A considerable number of book-stall keepers, as well as costermongers, swag-barrowmen, gingerbeer and lemonade sellers, orange-women, sweetstuff vendors, root-sellers, and others, have established their pitches—some of them having stalls with a cover, like a roof—from Whitechapel workhouse to the Mile End turnpike-gate; near the gate they are congregated most thickly, and there they are mixed with persons seated on the forms belonging to adjacent innkeepers, which are placed there to allow any to have his beer and tobacco in the open air. Among these streetsellers and beer-drinkers is seated the crippled bird-seller, generally motionless.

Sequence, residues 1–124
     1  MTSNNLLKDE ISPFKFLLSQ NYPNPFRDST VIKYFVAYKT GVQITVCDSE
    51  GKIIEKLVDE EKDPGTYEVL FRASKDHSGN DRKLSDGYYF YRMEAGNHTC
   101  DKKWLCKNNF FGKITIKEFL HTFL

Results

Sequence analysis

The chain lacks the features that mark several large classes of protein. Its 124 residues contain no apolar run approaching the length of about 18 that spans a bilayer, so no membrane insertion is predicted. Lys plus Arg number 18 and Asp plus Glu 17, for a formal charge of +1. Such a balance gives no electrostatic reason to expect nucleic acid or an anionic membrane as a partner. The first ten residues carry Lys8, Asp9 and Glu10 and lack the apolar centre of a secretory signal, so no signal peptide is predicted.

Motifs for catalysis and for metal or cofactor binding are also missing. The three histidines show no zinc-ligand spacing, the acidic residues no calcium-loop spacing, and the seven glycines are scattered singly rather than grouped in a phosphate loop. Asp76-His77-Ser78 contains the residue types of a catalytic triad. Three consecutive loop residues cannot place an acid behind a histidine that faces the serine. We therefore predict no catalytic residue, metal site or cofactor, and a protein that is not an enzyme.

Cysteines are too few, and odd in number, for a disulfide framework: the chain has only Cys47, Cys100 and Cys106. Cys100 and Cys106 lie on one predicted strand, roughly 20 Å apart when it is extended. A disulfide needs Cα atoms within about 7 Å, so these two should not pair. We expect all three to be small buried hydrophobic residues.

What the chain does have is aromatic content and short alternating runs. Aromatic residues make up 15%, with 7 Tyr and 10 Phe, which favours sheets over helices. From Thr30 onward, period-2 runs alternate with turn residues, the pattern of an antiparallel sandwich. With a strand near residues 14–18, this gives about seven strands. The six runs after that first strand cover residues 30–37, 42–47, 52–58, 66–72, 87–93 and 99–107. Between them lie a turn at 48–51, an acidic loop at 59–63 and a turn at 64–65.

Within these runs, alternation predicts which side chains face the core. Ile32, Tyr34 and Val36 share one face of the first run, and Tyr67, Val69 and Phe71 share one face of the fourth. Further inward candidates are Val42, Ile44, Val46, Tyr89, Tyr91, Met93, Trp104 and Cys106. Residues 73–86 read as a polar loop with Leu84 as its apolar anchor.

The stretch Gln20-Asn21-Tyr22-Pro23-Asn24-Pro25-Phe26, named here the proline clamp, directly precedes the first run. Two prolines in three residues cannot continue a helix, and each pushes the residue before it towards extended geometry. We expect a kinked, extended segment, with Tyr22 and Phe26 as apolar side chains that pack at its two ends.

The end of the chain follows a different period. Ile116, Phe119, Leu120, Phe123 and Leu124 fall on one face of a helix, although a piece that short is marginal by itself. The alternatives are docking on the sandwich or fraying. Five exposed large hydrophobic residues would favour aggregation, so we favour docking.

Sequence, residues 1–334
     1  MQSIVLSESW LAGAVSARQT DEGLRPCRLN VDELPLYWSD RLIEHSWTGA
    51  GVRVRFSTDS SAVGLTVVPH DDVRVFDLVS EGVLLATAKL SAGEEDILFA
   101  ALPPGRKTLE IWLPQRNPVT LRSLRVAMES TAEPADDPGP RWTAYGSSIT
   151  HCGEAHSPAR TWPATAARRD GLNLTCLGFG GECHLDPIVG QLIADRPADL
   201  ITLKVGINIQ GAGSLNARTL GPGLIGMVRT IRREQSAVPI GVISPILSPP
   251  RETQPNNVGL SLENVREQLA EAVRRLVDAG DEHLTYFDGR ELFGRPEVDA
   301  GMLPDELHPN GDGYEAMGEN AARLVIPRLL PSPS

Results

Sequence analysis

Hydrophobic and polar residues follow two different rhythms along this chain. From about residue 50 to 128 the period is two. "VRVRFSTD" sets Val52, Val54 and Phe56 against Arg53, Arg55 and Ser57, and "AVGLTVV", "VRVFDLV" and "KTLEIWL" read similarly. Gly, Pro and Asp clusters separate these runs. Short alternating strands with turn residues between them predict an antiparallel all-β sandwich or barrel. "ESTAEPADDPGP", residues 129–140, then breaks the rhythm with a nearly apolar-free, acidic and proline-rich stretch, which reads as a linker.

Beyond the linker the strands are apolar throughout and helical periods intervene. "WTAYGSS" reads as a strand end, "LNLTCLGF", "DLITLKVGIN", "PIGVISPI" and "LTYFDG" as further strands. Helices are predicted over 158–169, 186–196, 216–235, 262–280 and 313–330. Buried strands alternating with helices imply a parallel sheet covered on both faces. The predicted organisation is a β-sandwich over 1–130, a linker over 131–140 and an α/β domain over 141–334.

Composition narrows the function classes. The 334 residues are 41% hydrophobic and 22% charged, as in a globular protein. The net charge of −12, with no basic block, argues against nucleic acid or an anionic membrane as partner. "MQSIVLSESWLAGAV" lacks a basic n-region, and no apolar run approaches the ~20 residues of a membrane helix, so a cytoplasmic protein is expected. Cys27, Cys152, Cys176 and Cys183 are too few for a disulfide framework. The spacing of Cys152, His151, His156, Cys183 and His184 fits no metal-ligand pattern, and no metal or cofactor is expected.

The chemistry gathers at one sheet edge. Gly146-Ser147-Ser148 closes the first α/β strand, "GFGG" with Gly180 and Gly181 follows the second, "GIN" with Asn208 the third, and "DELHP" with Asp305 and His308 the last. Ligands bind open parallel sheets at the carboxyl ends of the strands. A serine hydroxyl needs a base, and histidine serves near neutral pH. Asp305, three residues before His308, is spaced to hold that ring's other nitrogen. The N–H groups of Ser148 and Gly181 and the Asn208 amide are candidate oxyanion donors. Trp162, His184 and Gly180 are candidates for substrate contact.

His home is near the Jews' burial-ground, and in of the many "places" which by a misnomer, occasioned by the change in the character and appearance of what the outskirts, are still called "Pleasant." On seeking him here, I had some little difficulty in finding the house, and asking a string of men, who were chopping firewood in an adjoining court, for the man I wanted, mentioning his name, no knew anything about him; though when I spoke of his calling, "O," they said, "you want Old Billy." I then found Billy at his accustomed pitch, with a very small stock of birds in large cages on the ground beside him, and he accompanied me to his residence. The room in which we sat had a pile of fire-wood opposite the door; the iron of the